Starring: Kurt Russell, Val Kilmer, Sam Elliott
Director: George P. Cosmatos
Running Time: 133 mins
Tombstone is an American film about a lawmaker who moves to the West of the USA in the late 19th Century, only to see his plans scuppered for a quieter life there by outlaws.
More than just another Hollywood western, Tombstone is an engaging blend of homages to the Spaghetti Westerns of the 1960s and modern, grittier sensibilities. In the end, it doesn’t tell the most gripping story, but its dramatic gravitas, production values and performances are thoroughly impressive throughout.
Now, the western genre can often seem easy to pull off, but more often than not struggles to really capture the imagination. On the one hand, there are the sprawling, epic classics like The Searchers that bring the Wild West to life. Then there are the beloved Spaghetti Westerns that introduce some more theatrical sensibilities into proceedings.
Tombstone, while incorporating elements of both of the above, attempts to bring in darker, grittier drama along with more modern narrative sensibilities. As a result, the film isn’t just an atmospheric look back to the Wild West, nor is it only a swashbuckling bit of entertainment.
Centring on the inner psyche of its main characters as well as their different relationships, there’s a lot of dramatic gravitas at play here, and significantly more than what the western genre is most known for.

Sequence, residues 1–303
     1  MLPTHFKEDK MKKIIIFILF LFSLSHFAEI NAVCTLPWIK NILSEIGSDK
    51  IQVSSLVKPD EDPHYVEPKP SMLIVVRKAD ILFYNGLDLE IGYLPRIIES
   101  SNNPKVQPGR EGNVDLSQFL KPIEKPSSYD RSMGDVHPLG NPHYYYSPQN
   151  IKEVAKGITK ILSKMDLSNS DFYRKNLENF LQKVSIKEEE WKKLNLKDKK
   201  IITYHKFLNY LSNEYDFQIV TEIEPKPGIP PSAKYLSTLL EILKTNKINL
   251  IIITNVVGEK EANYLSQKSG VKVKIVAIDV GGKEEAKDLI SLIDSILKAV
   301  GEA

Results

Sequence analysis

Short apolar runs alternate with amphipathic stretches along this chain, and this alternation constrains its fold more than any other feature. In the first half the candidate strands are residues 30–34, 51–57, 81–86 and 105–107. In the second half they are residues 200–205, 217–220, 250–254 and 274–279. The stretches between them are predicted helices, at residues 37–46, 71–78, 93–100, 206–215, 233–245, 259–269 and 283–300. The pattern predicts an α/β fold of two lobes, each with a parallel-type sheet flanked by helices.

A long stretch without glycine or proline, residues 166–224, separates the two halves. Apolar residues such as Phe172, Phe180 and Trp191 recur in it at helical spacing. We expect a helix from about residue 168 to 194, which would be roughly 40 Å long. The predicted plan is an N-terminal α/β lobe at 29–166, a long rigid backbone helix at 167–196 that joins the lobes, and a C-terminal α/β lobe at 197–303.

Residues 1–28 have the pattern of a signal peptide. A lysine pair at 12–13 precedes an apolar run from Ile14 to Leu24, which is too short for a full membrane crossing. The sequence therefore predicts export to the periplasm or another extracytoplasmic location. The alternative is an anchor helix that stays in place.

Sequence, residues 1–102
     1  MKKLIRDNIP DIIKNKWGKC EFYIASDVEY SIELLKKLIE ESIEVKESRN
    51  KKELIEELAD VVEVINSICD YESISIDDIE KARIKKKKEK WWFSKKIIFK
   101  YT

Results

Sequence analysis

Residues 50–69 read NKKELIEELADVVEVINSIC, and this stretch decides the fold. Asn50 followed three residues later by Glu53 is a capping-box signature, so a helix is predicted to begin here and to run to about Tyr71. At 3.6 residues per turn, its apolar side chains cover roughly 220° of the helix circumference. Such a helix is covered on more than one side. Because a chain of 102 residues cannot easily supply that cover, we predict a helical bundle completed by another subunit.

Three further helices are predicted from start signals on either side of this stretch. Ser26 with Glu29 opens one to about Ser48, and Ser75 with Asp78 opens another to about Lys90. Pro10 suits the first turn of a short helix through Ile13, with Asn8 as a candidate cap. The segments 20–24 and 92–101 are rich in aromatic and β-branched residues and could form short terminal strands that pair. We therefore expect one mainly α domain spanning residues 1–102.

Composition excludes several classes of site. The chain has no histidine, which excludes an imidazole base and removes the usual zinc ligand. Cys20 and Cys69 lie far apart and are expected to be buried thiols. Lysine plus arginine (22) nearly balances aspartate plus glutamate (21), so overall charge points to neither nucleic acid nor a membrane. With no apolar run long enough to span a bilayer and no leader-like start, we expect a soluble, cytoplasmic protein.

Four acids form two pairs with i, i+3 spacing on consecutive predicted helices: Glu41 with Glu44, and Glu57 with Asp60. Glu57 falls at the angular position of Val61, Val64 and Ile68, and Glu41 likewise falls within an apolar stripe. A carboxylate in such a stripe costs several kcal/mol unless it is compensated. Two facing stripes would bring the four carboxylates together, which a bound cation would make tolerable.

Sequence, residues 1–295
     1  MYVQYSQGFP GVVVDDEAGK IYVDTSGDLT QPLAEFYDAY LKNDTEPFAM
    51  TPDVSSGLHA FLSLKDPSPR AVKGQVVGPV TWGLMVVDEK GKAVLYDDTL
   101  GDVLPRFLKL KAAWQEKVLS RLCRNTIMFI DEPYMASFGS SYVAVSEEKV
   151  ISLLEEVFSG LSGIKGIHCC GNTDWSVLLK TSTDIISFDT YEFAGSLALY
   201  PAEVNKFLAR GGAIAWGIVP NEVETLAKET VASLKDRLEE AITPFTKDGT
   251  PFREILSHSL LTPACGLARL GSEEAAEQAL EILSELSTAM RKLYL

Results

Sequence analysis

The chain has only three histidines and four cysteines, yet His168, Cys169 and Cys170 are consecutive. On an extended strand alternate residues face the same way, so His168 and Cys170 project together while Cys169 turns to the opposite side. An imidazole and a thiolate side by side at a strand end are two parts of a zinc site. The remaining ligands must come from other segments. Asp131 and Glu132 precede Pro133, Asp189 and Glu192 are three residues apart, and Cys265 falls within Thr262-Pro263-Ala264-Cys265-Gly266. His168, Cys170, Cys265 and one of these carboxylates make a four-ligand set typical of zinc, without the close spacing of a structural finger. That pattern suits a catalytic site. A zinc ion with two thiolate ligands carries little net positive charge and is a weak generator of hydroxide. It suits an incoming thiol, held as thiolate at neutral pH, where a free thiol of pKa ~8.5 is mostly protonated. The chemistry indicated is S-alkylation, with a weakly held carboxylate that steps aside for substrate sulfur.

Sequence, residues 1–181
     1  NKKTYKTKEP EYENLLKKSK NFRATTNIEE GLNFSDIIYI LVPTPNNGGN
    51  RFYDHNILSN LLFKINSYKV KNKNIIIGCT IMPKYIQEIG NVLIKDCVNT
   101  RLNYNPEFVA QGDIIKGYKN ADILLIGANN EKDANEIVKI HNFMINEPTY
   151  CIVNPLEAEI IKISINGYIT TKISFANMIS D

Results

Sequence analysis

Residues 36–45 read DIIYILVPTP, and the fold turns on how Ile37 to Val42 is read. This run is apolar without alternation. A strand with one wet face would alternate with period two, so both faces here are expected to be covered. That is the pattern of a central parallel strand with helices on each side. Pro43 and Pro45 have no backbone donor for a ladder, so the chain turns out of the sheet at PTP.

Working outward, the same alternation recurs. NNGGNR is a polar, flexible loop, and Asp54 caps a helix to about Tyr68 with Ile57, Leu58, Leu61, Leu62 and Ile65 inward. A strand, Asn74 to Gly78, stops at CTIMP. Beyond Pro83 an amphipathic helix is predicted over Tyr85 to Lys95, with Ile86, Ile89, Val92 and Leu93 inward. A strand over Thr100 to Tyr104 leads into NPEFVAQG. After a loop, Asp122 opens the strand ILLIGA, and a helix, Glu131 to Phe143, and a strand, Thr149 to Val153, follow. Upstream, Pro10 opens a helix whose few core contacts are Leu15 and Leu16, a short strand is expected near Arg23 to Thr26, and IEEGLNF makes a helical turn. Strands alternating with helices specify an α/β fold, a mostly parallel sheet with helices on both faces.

What’s more, with an all-star cast that features Kurt Russell, Val Kilmer, Sam Elliott and Bill Paxton among others, there’s no shortage of on-screen talent here to bring strong emotional depth to the story.
The problem, however, is that that story really isn’t the most enthralling. Although the film starts in a strong place as it pits differing interests against one another in an up-and-coming Western town, the plot frustratingly turns to less-than-stellar melodrama through its latter stages.
That’s not to say there’s nothing of interest in the film, but that its focus on dramatic gravitas is frustratingly undermined by a story that never really captures the imagination.
The film still impresses with its wonderful production throughout, from costumes to sets and a strongly convincing Wild West atmosphere, but it’s really not enough to keep you totally engrossed throughout.
Overall, then, Tombstone is a little bit of a mixed bag. On the one hand, it’s an impressive blend of homages to classic westerns and modern sensibilities, featuring good dramatic gravitas and grit, along with strong performances and excellent production values.
On the other hand, though, the story just doesn’t capture the imagination strongly enough to make the film a genuinely engrossing watch throughout, frustratingly falling into melodramatic territory in its latter stages. And that’s why I’m giving Tombstone a 7.3.